PHP Storm - as @mesuva says, worth every penny (cent). Licence covers a desktop and laptop installation.
PHPMyAdmin and Adminer.
Occasionally SSH from the terminal or FileZilla for FTP. Though I rarely use either because I work in packages (rather than /application) and developed Package Magic - concrete5 to build clean packages from my dev sites and then upload them to customer sites. I typically use the host cPanel once to upload Package Magic Starter and I can bootstrap everything from there.
Yemuzip for clean zip files, gets rid of Mac detritus.
Prepros for compiling SASS minifying and combining JS, we use to use gulp but there are so many moving parts we seemed to spend more time re-writing gulp files than we wanted to, so back to a good ol GUI.
Obsidian Use it for business planning and also use it to store code snippets, it has full syntax highlighting, and a plugin that gives you one-click copy, very handy.
Obsidian looks really interesting, I’m going to check it out.
+1 for the Affinity products, they’re great value. We also still use Sketch a lot still.
One other tool that I forgot to mention that we use all the time for planning and tracking projects is Kanboard. We used to use Jira for a Kanban board, but something about it didn’t quite flow right for us, and we couldn’t justify the on-going cost (even though it’s not expensive).
Kanboard on the other hand we just self host, and is actually surprisingly powerful once up and running, with lots of automated actions. It’s also actively maintained. We use it for keeping track of leads, quotes, work on the go, things to invoice, ad-hoc tasks, etc. Even though there’s just two of us, it’s pretty essential to keep on top of everything. It also works really well with multiple users, with it automatically updating when changes are made by others. It’s much more sophisticated than the screenshots suggest.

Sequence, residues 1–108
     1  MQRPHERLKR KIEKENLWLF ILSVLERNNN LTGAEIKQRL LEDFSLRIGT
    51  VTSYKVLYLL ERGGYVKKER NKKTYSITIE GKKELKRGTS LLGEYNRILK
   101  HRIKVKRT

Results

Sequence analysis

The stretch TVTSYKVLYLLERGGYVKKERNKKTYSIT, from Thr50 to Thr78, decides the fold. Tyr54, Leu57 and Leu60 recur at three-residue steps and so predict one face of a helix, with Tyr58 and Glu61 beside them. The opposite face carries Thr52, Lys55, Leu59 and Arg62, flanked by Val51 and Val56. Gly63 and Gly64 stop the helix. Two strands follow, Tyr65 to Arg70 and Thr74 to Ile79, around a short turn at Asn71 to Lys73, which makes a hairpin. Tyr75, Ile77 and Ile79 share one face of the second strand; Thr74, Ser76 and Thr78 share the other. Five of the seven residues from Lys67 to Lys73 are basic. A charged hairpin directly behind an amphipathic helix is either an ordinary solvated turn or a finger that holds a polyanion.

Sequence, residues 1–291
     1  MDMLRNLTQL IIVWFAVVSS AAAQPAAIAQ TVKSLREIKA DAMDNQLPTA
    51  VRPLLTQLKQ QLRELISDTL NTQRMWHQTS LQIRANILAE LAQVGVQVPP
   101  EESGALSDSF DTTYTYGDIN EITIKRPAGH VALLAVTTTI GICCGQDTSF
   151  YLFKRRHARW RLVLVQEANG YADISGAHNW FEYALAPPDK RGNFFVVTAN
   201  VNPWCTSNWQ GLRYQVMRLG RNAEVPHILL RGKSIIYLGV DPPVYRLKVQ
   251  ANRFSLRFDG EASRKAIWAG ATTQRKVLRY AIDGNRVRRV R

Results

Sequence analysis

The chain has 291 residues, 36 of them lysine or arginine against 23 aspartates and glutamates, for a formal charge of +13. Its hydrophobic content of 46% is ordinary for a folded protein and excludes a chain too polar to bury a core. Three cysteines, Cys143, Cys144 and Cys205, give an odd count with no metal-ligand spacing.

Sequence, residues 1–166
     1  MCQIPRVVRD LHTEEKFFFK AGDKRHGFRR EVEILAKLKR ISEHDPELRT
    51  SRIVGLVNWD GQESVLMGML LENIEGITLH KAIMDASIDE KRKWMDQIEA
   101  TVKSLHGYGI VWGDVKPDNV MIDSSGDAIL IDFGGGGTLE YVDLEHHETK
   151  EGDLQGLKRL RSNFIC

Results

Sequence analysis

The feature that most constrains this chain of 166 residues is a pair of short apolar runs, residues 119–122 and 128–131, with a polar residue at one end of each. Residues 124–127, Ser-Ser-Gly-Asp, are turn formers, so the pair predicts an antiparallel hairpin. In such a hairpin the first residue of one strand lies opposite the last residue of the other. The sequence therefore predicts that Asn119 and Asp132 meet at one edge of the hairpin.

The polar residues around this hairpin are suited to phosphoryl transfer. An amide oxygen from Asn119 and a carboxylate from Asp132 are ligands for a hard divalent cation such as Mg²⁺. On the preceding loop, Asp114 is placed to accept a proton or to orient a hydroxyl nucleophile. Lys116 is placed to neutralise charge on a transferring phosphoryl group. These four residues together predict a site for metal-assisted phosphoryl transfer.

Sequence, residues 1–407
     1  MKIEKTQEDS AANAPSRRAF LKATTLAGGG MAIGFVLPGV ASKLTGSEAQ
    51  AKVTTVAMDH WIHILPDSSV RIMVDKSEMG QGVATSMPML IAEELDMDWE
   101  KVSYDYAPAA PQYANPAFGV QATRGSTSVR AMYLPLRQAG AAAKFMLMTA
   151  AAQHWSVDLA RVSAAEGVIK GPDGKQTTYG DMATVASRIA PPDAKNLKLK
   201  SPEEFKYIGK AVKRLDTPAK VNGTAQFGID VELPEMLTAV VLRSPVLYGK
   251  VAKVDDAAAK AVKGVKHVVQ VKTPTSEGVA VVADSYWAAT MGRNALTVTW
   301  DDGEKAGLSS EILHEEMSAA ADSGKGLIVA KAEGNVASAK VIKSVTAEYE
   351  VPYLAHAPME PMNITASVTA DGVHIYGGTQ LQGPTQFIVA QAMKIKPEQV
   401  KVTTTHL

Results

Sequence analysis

Its problem is that the default theme is arguably quite ugly, so I could imagine many being put off because of that. But you can easily install other themes and then customise it with your own CSS.
@mesuva Obsidian really is a cornerstone for us now, everything ends up in it, one of the things I love about it is all “notes” are just markdown files that are stored in a vault, and the vault can be located just about anywhere, we have ours in a Google drive so it gets backed up there in addition to our regular system backup.
I will have to check out Kanboard, we currently use Trello but we only really use it for our roadmap for our Modena theme, we are probably missing out by not utilising kanban for more stuff.
I haven’t used the Kanban plugin tbh, so couldn’t say, however, looking at it, it may be a bit clunky compared to a dedicated Kanban solution, as behind the scenes you would have to move boards via the editing interface all of which is done via markdown.
So we’ve pretty much always developed websites on a live server and just blocked access until the client was ready. Sometimes we would do a subdomain and then transfer the content to the primary…I know, that is probably not the best way to develop websites.
More recently, we’ve started thinking we should really switch to doing dev on a local system and then uploading to the live when we are ready. Especially since we have a number of clients that are on the legacy C5 platform that we will need to convert over. Reading through this post and a few others, it looks like there are a lot of tools people use for local dev.
We also have had a couple clients want WP sites, so I was researching dev tools for that as well and came across and interesting tool that seems to be an all-in-one package called “Local” https://localwp.com/. Is MAMP essentially the same thing as this “Local” program?
Right now we are just developing sites and not looking to develop any themes or add-ons. Any suggestions what what we should get to get us started would be great.